Even before the July coup that ousted Niger President Mohamed Bazoum, the lucrative businesses of Nigerian businessman Alhaji Dahiru Mangal had begun to falter. He was particularly involved in the oil trade and the transport of pilgrims to Mecca.
Whether President Bazoum's predecessor played a part in the July coup continues to generate considerable speculation in West African capitals. Yet although Issoufou denies any sort of role, his closeness to junta leader Tchiani remains indisputable.
The EU's European External Action Service is working on an array of individual sanctions against the main officers behind the Niger coup from the Conseil National pour la Sauvegarde de la Patrie.
The coup leaders are banking on Zeine's technocratic profile to re-establish contact with international financial backers who have been unsettled by the military takeover. To carry this out, the PM can count on a strong network in several neighbouring capitals.
Concerned about the increasing number of coups in West Africa, the African Union is trying to make its voice heard on the appropriate response to that of Niger. Chaired by Burundi, the volatile Peace and Security Council, which met on 14 August, is against ECOWAS military intervention.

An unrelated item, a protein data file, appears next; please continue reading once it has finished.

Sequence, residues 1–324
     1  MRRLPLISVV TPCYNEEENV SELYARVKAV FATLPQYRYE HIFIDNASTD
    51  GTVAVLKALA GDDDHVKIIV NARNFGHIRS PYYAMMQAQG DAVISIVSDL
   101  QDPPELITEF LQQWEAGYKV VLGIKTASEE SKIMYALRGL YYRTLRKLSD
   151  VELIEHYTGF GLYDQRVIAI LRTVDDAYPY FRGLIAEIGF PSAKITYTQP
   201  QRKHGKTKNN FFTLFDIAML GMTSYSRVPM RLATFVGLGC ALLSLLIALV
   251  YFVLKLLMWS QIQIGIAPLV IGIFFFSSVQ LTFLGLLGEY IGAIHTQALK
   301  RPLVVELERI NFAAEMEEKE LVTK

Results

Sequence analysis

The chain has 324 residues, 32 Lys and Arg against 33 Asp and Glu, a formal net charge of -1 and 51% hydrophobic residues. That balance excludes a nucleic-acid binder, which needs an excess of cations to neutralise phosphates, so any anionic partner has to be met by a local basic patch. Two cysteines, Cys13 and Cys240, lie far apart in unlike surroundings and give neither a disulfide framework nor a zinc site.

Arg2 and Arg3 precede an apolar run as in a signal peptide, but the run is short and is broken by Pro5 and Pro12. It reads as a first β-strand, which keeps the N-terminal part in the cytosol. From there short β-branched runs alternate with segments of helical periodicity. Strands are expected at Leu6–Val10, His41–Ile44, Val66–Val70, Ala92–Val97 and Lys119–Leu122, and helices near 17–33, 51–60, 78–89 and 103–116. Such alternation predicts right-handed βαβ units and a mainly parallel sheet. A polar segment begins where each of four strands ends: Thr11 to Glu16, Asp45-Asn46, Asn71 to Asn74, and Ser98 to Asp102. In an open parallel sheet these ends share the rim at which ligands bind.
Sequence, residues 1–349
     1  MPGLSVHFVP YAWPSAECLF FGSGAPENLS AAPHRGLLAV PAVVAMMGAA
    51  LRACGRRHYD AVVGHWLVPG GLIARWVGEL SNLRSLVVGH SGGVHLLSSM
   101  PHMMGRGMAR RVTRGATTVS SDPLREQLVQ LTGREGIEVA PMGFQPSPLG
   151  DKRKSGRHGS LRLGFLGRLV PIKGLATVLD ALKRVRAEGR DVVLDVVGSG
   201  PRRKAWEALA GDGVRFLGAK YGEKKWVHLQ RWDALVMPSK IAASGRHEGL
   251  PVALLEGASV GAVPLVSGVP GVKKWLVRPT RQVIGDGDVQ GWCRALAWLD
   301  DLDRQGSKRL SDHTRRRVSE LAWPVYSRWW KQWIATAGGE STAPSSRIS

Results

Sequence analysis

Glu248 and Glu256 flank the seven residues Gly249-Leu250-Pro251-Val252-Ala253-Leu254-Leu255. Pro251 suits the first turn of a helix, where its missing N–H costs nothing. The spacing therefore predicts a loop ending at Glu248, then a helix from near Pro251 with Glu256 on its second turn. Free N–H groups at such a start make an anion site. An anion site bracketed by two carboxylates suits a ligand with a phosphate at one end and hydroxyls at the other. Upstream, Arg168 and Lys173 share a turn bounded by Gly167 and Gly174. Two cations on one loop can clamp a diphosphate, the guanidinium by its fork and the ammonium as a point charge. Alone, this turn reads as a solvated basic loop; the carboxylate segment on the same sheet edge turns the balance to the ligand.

Investigative report published on 10/08/23 at 10.50 GMT - There is no longer a consensus within the West African community and its Western partners on restoring ousted President Mohamed Bazoum to power, an ultimatum that had been imposed on the coup leaders.
Investigative report published on 03/08/2023 at 11h46 - For several days now, the new Nigerien junta has been working to strengthen its ties with its counterparts in neighbouring Mali and Burkina Faso. Official channels have been open since 26 July, but Africa Intelligence can now reveal that initial contacts were made before the putsch, coordinated by former army chief Salifou Modi.
Breaking news published on 28/07/23, 21.00 - Despite General Abdourahamane Tchiani declaring himself head of the CNSP military junta on 28 July, ECOWAS is holding out hope that Mohamed Bazoum will return to power and, alongside Paris and Washington, is counting on Nigerien ex-president Mahamoudou Issoufou's involvement.
ECOWAS member state presidents have held numerous informal consultations since the coup in Niger on 26 July, but are finding it difficult to coordinate their response. Many leaders are at the Russia-Africa summit in St Petersburg, and furthermore, ECOWAS has no clear means of taking action against the coup plotters.
As the new chair of the Economic Community of West African States, the Nigerian president wants to inject fresh energy into the organisation's leadership as it struggles more than ever with military juntas and Islamist militant threats across the region.